A beautiful three foot high bandstand was erected along the south wall of the ballroom.  It was in the shape of a half circle.  There were some overstuffed chairs at the back of the bandstand where the wives of the orchestra members or other guests might sit. Each member of the orchestra had an attractive ‘blind’ to hide his music stand.  In front of the piano was a wooden framed stand about 12 x 16 inches.  This frame held the cards that announced the number of the particular dance being played.  The piano player changed the cards after each dance.  Three tunes were played for each dance.  The cards were numbered one to 15.  There were also three extras.  The cards read: 1st extra, 2nd extra, and 3rd extra.  Attractive dance programs were given to each patron.  A very small two-inch pencil about an eighth of an inch in diameter was fastened to the dance program with a twisted cord.  On special occasions the dance programs were quite fancy. We didn’t dance with the same partner all evening as is now the custom.  We would usually dance with our date the first dance, once again about midway in the dance, and again toward the end of the dance with perhaps the 3rd extra also.  Some might have their dance program all arranged before arriving at the ballroom.  Ladies were allowed the opportunity of going stag and enjoying the company of as many as 18 different companions during the evening.  To dance with the same person all evening would have been terribly boring. As was always advertised, drinking or smoking was not allowed in the Valleon.  The few who didn’t want to abide by the rules were escorted outside.  Dances were sometimes held on Friday as well as Saturday nights.  They were also held at fair time, Christmas Eve, and Christmas night, New Year’s Eve and New Year’s night. Dancing at the Valleon was a big thing!  High school prom and commencement dances were held here each year.  The decorations for these affairs lasted a year and were elaborately done.  Each class tried to do as well as those who had gone before. In 1939, the bedrooms at the Valleon Lodge were more elegant than any I had ever seen.  The windows were large, the walls and lined draperies were subdued in color.  The bedspreads were elegant, the stairs and halls were carpeted, spacious, and beautiful.  The rooms have all been remodeled and enlarged since. Our good friends, Gale and Eileen Burton lived and worked there for possibly three years; we visited often.  Our dear friends Morgan and Fern Greenwood lived there in apartment 4. In 1945 the Calls sold the Valleon and many have owned it since then.  It has never regained its original glory. In 1991 I went to the Valleon to reminisce.  It had been an eye-sore for at least fifteen years.  I went to Gail and Eileen’s apartment on the fourth floor where they lived as newlyweds.  I was prepared for it to seem smaller than it did fifty years ago, but it was even smaller than I remembered.  I pulled down the stationary ironing board.  I opened closets, drawers, and wondered where they put all their wedding gifts.  Perhaps they didn’t get any more than we did.  Ours didn’t take much room.  The kitchen sink was a riot.  I believe our playhouse in the backyard has a kitchen that is as big as that one.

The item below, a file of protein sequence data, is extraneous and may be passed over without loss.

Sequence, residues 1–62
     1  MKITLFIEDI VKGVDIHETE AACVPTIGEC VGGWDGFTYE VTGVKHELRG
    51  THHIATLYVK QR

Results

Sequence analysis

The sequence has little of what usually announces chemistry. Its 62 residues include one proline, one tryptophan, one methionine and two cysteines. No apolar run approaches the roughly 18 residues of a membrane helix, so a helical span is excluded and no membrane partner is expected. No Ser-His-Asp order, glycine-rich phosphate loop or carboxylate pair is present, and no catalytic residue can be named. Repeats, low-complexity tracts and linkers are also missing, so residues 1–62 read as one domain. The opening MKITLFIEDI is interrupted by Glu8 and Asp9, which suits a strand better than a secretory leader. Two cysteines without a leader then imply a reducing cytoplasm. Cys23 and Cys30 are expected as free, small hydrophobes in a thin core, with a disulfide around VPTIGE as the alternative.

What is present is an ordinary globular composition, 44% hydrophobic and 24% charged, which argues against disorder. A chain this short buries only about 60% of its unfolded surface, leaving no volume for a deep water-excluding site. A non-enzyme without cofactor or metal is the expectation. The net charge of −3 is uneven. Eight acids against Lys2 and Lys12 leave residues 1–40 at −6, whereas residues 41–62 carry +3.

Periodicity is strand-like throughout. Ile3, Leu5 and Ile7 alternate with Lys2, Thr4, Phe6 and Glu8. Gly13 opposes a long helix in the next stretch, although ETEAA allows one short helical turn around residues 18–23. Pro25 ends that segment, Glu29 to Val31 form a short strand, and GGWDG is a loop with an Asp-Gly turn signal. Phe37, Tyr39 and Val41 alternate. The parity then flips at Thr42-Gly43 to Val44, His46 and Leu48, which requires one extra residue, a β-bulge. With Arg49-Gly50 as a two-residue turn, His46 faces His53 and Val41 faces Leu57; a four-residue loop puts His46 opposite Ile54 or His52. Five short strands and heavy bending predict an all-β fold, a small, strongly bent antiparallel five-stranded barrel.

At this period of time, the Valleon had become the ‘hub’ or center for dancing fun.  Almost three times each summer different big name bands were hired to entertain in the ballroom.  Tommy Dorsey’s band was a favorite and returned each summer until World War 11 broke out.
T. Texas Tyler and his orchestra probably returned more than any other.  Five members of the Lawrence Welk Orchestra came once.  Guy Lombardy’s group, Floyd Ray and all his black musicians, Euzane Rich, and other bands I don’t remember also played at the Valleon. The Big Bands were great fun but our loyalty was always with the Valley Royal Serenaders.  They were always up to date on the weekly song ratings from the Hit Parade.  They were prepared to play and sing the very newest songs for us as well as the oldest.  Special requests for tunes were willingly given. Lee Call – accordion, Eldon Torbenson – cornet, Ronald Allred – piano, Bryce Allred – drums, Stanley Bennion – trombone and O.J. Holdaway – saxophone were the local band members. When the war came and there were not enough men around to make a dance interesting, and the gasoline shortage restricted travel, dancing, as we had known it, was halted.  After the war was over, the depression, and the hard work involved in trying to rebuild our economy prohibited enthusiasm for bringing back the dancing craze.